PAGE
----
In an article recently published in the Journal of European Public Policy, we use survey data to shed light on how individual-level preferences for differentiated integration are formed. A first look at how public opinion on differentiated integration evolved over time shows that, nowadays, a slim majority of respondents support differentiated integration – specifically, the general idea of a “two-speed Europe”.

There is some fluctuation over time, but public opinion is mostly two-fold: about half of the respondents oppose differentiated integration (DI), the other half supports it. However, support of DI reached a significant low in 2015. This stands in stark contrast to general support for the EU, which increased rather steadily from just below 50% in 2011 to almost 60% in 2017.

North vs South, left vs right

Taking a closer look at the individual level, the data suggest that social dispositions play an important role in citizens’ preferences for differentiated integration. More specifically, when it comes to explaining citizens’ support for differentiated integration, socio-demographic variables seem to matter very little compared to attitudinal variables. This is in contrast to what explains general support for the EU (see i.e. Andersen & Reichert 2009).

For example, we find evidence that support for differentiated integration correlates with liberal economic values. This means that there is support amongst citizens that also support free trade and a market economy, while there is scepticism amongst those with concerns about equality. Additionally, citizens in the political right are more supportive of differentiated integration than citizens in the centre or the left.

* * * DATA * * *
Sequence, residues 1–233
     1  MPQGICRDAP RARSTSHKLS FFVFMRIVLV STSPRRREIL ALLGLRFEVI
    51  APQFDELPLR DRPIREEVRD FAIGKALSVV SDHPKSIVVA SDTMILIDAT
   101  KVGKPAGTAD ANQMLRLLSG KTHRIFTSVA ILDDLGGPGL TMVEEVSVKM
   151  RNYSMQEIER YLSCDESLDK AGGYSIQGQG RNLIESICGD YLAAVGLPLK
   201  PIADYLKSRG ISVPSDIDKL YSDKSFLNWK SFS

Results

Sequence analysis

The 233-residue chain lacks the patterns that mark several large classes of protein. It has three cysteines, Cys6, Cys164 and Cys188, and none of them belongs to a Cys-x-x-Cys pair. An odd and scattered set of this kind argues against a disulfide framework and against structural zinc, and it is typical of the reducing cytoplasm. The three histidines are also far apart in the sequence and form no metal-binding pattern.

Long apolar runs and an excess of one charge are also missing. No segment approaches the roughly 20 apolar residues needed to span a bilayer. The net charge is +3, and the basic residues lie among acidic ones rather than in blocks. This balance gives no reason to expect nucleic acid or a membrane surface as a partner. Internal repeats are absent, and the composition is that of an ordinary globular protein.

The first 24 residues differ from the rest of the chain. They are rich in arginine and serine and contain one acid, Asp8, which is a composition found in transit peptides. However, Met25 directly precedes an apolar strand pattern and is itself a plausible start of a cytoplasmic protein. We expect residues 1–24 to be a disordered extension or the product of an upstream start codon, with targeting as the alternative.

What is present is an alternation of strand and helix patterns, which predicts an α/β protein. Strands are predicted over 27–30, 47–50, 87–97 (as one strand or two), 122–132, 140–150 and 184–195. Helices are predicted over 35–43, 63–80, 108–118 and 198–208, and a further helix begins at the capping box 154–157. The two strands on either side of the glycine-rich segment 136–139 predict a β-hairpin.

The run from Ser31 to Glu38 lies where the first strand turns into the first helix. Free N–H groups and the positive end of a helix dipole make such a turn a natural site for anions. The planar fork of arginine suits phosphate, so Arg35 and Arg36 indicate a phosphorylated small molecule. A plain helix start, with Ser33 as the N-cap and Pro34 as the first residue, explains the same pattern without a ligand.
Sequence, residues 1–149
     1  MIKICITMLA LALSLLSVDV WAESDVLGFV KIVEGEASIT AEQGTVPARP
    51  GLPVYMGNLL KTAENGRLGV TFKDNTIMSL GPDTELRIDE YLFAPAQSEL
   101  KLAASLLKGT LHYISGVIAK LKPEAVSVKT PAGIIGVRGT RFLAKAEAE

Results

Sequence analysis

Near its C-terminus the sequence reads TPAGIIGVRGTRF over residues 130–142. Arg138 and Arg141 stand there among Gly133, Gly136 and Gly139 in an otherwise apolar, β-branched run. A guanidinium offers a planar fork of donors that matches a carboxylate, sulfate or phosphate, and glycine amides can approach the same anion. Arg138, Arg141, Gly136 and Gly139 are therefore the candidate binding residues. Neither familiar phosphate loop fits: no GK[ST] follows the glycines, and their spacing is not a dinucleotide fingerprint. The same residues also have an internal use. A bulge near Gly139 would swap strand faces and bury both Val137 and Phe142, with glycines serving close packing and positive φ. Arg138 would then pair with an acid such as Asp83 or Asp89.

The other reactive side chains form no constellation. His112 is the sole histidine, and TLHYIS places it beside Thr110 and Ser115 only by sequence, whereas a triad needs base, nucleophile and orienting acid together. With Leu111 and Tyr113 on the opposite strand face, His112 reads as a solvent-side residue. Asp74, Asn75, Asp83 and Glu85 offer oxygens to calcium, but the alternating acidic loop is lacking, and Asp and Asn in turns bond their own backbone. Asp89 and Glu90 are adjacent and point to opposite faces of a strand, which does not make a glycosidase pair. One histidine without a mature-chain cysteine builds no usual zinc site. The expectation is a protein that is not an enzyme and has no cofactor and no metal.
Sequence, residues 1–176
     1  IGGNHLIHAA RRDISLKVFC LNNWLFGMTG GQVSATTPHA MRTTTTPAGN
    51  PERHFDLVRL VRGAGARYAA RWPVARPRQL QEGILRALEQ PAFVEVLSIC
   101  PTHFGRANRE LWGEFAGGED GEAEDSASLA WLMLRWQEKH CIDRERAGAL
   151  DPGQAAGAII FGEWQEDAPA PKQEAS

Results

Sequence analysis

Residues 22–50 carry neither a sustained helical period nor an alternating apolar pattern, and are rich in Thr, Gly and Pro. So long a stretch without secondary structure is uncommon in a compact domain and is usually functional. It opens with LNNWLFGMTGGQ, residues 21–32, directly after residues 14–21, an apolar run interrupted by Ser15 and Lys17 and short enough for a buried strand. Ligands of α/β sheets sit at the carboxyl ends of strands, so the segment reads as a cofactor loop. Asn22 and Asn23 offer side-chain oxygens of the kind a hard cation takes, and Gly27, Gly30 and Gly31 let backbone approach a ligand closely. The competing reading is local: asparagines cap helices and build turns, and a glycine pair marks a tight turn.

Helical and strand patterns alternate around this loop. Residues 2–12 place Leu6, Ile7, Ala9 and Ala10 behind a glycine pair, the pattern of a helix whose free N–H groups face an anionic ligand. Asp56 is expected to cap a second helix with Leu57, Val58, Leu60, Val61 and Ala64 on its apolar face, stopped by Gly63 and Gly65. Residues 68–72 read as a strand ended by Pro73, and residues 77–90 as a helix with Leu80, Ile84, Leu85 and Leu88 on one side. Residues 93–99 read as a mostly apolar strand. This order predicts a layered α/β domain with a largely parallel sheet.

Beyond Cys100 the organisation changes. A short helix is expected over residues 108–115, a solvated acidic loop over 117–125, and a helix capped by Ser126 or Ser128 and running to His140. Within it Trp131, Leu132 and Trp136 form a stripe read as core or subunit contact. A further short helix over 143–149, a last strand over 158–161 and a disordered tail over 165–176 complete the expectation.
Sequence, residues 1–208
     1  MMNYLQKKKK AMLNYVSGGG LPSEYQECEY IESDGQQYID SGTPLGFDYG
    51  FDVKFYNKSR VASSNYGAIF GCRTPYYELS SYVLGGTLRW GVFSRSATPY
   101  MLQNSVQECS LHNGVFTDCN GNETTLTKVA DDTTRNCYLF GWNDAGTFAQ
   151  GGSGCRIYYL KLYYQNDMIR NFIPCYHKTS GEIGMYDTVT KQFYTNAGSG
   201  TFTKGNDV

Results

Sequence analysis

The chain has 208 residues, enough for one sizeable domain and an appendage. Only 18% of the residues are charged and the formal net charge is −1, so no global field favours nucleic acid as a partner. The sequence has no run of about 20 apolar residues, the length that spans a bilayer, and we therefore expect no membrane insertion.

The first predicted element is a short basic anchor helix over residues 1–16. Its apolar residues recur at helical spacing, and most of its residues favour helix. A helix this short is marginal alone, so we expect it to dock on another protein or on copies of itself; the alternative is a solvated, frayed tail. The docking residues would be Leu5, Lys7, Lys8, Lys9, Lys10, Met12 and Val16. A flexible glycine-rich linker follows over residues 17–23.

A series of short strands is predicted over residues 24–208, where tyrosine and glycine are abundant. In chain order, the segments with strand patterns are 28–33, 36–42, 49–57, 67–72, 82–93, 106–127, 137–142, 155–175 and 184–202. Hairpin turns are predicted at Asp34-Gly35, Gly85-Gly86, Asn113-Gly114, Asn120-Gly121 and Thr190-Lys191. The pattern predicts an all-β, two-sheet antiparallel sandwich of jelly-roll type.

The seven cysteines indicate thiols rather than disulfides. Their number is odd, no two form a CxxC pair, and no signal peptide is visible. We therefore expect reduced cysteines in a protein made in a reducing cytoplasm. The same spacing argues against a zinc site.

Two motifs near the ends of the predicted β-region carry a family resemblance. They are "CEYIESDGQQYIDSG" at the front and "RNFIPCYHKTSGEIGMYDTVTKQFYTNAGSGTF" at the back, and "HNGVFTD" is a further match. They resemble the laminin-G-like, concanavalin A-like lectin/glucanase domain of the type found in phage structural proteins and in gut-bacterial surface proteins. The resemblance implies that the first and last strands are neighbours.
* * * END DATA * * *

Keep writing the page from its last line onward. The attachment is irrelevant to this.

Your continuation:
At the country level, our analysis reveals important variation in levels of support for differentiated integration across the EU. For example, citizens of the Northern and Eastern member states are more prone to support differentiated integration, and citizens of Southern member states are markedly more prone to oppose it.

Debate on legitimacy

A possible explanation supported by our evidence points to the negative (and still prevalent) repercussions of the Eurozone crisis, which mostly affected the south of Europe. To some citizens, differentiated integration might mean an attempt to dilute EU solidarity and to further divide the more prosperous from the less prosperous states. In other words, their opposition to differentiated integration might pertain to what they believe it implies for their member states.

To some citizens, differentiated integration might mean an attempt to dilute EU solidarity and to further divide the more prosperous from the less prosperous states.

Our findings should be taken seriously by the Conference on the Future of Europe. A substantive amount of EU citizens, especially those with strong preferences for equality (as well as those in the South), seem to think of differentiated integration as a process of discrimination and a threat against EU solidarity. If the attempt is to change their minds, or to reconcile their views with what those in favour of differentiated integration see as the correct way forward for the EU, then public debate must include convincing arguments about why and under which circumstances it is legitimate and fair.